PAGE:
Agreed. I'll post this here as well as the other thread where this got raised: even $10,000+ Sony/Zeiss and Canon telephotos vignette heavily on full-frame. Some people should know better than to spread such FUD.

05-31-2013, 05:00 PM   #10
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QuoteOriginally posted by MCSpitz Quote
Does anyone have a sense of how the DA* lenses will perform on the full frame body when it is released?
They will probably perform fine if the Pentax full-frame has the option - like the Nikon D800 or D600 for example - to switch the camera to APS-C mode when using DX lenses or just for crop reach. It may not be useful for permanent shooting, but it would allow direct use of DA lenses like the 16-50 on the Pentax FF body whenever needed.
06-01-2013, 01:38 PM   #11
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QuoteOriginally posted by rawr Quote
They will probably perform fine if the Pentax full-frame has the option - like the Nikon D800 or D600 for example - to switch the camera to APS-C mode when using DX lenses or just for crop reach. It may not be useful for permanent shooting, but it would allow direct use of DA lenses like the 16-50 on the Pentax FF body whenever needed.
Functionally isn't this equivalent to a digital crop later? I guess you could save on disk space. Theoretically it also seems like you could do SR purely on-sensor, just move a "window" across the sensor instead of moving the whole sensor.
06-01-2013, 02:25 PM   #12
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QuoteOriginally posted by Paul MaudDib Quote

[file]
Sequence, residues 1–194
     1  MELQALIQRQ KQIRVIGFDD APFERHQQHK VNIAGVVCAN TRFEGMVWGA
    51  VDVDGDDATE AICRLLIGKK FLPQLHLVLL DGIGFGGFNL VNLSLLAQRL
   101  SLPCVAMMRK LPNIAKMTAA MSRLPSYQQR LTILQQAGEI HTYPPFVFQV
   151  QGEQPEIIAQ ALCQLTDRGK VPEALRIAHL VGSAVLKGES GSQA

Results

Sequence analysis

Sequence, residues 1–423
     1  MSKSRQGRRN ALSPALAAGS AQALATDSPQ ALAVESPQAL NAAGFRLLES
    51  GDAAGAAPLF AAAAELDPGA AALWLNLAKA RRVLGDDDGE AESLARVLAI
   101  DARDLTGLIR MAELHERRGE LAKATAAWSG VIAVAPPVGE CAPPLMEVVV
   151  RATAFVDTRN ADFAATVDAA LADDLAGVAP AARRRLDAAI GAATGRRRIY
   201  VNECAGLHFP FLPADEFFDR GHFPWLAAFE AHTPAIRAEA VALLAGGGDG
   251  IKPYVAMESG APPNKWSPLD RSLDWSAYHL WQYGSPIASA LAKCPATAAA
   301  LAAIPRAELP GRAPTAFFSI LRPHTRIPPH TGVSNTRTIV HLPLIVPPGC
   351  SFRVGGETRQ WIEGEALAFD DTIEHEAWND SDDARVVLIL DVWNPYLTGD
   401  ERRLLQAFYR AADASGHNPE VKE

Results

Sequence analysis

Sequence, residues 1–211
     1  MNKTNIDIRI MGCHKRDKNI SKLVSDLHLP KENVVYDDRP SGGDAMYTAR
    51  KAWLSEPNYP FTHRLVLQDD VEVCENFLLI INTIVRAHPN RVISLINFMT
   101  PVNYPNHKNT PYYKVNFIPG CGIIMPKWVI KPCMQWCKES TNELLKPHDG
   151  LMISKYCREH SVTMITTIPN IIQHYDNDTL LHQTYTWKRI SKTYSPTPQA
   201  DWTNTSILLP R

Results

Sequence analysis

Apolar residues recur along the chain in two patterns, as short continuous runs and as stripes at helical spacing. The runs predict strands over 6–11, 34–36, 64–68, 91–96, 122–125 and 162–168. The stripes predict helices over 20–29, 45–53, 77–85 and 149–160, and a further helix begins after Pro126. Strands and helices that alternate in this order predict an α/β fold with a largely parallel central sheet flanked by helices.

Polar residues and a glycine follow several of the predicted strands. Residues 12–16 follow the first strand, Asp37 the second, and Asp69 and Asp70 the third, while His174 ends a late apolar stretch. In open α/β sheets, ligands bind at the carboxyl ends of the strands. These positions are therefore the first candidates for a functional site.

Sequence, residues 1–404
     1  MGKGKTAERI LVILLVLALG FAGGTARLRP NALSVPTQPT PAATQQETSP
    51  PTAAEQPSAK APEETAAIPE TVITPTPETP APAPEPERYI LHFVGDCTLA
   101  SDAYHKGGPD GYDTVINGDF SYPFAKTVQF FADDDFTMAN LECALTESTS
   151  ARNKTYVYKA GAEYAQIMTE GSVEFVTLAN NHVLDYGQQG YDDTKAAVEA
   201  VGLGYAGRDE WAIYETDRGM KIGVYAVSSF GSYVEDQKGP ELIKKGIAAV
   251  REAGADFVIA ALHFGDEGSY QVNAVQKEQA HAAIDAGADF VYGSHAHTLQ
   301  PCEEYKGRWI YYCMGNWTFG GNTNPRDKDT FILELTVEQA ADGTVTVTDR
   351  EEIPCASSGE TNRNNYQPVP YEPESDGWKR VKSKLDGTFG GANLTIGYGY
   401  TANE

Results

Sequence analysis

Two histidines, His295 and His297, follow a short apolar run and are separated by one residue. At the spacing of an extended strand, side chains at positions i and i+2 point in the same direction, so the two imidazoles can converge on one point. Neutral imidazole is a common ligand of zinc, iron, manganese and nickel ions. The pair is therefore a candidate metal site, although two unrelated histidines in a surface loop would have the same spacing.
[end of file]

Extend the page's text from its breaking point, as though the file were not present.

Theoretically it also seems like you could do SR purely on-sensor, just move a "window" across the sensor instead of moving the whole sensor.
This probably only works for video (and I think K-01 and K-30 already do this for video), or if each photo is made out of several captures. FI a image with 1/50 s shutter speed is made out of 10x 1/500 s images where pixels are aligned between each shot.
06-01-2013, 02:49 PM   #13
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Yes, it's just cropping - and (I'll have to check the DNG specifications on that) it could even be implemented as a simple marker, leaving the data intact, or by discarding the "useless" borders..
That kind of SR can't work, except as a series of multiple, fast exposures; because there's no "window" to be moved during the exposure, only before/after it.
06-01-2013, 04:48 PM   #14
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QuoteQuote:
The format of the sensor used is another thing. Be it FF, APS-C, 1/2.3 (Q sensor). Depending on the sensor used you will have:
Different field of view (for the same focal length);
Different depth of field (for the same aperture value);
FYI, DOF does not change, as it is a factor of focus distance and aperture for a given focal length. The sensor size is not a factor. The area of sharpness/focus may appear larger merely because it covers a larger portion of a smaller sensor. Actual DOF in relation to the scene/subject is not significantly influenced.

You can get down deep into into pixel size for different sensors and circles of confusion and their effect on DOF and perceived sharpness, but I haven't found that to play a significant role in real life. YMMV.
06-01-2013, 04:56 PM   #15
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QuoteOriginally posted by amoringello Quote
FYI, DOF does not change, as it is a factor of focus distance and aperture for a given focal length. The sensor size is not a factor. The area of sharpness/focus may appear larger merely because it covers a larger portion of a smaller sensor. Actual DOF in relation to the scene/subject is not significantly influenced.

You can get down deep into into pixel size for different sensors and circles of confusion and their effect on DOF and perceived sharpness, but I haven't found that to play a significant role in real life. YMMV.
Careful now. You are treading on the number two reason for the Holy Full Frame according to PentaxForums...after "I want to use my old lenses" of course.

Last edited by boriscleto; 06-01-2013 at 05:26 PM.